Archaeology Magazine Archive

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World Roundup Volume 59 Number 4, July/August 2006

Central & South America Europe North America Asia


Some four decades after it was first dismantled in an attempt to stabilize and restore the fragile thousand-year-old structure, the Baphuan, one of the oldest and largest temples of the Angkor complex, has been fully reconstructed. The French government paid more than $35 million to support the project, which involved refitting 300,000 architectural elements of the temple.
(World Monuments Fund)

A 2,000-year-old walled city was revealed at the bottom of the Yunfeng Reservoir, near the northeastern city of Ji'an, when the water level was recently lowered. Encircled by a moat and a 13-foot-thick wall, the city may have been part of the Koguryo Empire, which then ruled Korea and part of China. Authorities were apparently unaware of the ruins at the bottom of the reservoir, which was constructed in the 1950s.

The oldest-known intact vertebrae of the genus Homo have been found at the site of Dmanisi, Georgia. Analysis of the 1.8-million-year-old bones shows that they fall within the human range, and could have held a modern human spinal cord, and also could have provided enough support for the respiratory muscles needed for speech.

Ouch! The first successful trips to the dentist just got pushed back another four millennia, thanks to an analysis of 300 molars from the Neolithic village of Mergarh in the Indus River Valley. Holes in some of the samples indicate that at least nine adults survived flint-drilling dental procedures some time around 7000 B.C. Until now, the earliest-known evidence for tooth drilling came from a northern European molar dated to 3000 B.C.

Central & South America

Archaeologists at the Maya site known as El Peru, or Waka, have discovered what may be the tomb of the city's first ruler. Jade figurines and jaguar remains were among the finds in the 1,500-year-old burial. A second possible royal burial, four centuries later than the first, has been found and awaits full excavation, but already an offering deposit there yielded a dozen figurines depicting seated lords and elegant women, ball players, and dwarfs.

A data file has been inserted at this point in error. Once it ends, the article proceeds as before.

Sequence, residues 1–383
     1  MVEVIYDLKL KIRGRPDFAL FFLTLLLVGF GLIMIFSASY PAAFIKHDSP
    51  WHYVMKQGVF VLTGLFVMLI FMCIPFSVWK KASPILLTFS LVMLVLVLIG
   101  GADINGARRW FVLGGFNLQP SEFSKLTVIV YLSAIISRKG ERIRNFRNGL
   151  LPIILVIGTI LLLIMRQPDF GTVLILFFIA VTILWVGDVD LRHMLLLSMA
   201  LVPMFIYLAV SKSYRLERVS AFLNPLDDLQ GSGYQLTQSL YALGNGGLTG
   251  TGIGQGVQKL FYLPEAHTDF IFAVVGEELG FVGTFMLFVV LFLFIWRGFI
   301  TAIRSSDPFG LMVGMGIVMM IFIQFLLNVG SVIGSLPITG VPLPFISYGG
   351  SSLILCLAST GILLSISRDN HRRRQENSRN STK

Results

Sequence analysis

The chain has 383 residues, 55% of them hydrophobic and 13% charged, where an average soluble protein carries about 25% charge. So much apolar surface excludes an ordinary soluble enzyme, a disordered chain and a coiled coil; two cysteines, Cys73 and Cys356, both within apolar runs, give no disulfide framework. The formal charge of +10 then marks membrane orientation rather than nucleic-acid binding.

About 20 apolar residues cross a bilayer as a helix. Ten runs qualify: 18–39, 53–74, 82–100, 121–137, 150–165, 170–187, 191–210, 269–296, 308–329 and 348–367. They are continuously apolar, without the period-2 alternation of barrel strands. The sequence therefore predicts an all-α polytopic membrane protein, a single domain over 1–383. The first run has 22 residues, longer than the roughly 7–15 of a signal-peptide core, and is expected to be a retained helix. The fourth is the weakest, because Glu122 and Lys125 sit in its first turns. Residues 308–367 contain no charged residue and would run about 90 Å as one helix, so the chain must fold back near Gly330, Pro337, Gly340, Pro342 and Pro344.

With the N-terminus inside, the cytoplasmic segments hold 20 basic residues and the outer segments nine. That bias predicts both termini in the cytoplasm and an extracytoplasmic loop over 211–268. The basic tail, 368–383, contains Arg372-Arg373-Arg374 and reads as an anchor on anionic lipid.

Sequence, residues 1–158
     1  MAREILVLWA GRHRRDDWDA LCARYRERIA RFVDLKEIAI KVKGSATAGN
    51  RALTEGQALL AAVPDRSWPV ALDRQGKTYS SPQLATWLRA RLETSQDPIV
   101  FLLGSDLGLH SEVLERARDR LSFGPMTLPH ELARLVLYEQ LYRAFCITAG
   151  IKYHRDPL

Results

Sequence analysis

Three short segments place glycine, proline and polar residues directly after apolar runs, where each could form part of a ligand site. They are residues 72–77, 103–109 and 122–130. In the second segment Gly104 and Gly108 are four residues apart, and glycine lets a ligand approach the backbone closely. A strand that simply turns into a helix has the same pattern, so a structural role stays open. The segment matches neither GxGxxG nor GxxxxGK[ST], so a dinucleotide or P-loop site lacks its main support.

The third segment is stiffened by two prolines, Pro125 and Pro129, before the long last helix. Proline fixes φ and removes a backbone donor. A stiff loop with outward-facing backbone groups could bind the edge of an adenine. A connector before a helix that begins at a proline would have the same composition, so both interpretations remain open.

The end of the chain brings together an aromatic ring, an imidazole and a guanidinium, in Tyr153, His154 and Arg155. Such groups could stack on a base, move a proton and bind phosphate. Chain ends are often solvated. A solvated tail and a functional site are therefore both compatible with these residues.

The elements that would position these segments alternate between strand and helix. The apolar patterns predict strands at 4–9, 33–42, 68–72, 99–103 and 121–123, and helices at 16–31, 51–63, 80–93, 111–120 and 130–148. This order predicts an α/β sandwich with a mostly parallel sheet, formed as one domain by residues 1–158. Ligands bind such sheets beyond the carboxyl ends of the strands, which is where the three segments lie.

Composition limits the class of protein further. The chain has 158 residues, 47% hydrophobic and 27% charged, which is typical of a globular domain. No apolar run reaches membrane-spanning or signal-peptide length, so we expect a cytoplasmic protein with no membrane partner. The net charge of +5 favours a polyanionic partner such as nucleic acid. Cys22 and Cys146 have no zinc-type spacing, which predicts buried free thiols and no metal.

Archaeologists are busy excavating a section of Paris' Cardo Maximus--known now as Rue St. Jacques--ahead of construction work for the new Curie Research Center near the Sorbonne. The well-preserved road and accompanying houses are the only known Augustan period (27 B.C.-A.D.14) remains found so far in Paris.

A seated female figurine was recently discovered in a male Neolithic (7000-5000 B.C.) burial near Parma. While Neolithic "mother goddess" figurines from this area are known, this is the first seated example ever discovered.
(Giovanni Lattanzi)

North America

Excavations in New Salem, Illinois, at the first building Abraham Lincoln owned are turning up the usual assortment of glass and pottery fragments, as well as a slate pencil. Lincoln and a business partner used the building for multiple purposes, including a warehouse for a general store. Archaeologists say that though legend has it that Lincoln was more fond of telling jokes than running a store, their dig shows the future president ran an organized business.

Archaeologists and Mexican Catholics alike were shocked to discover that a reenactment of the crucifixion of Christ, a popular Good Friday tradition dating back to the 1830s, takes place on a hill covering a 1,500-year-old pyramid.

North America
More evidence has emerged that humans aren't the culprits in the massive extinction of megafauna that occurred in North America 10,000 years ago. The "overkill theory" posits that once human hunters reached America they wiped out mammoth, horse, and other large animals. But a new analysis of dates on bones of these species show they disappeared at different times, making it unlikely they were killed off rapidly by skilled human hunters. A changing climate was one of the many factors that likely did them in.

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© 2006 by the Archaeological Institute of America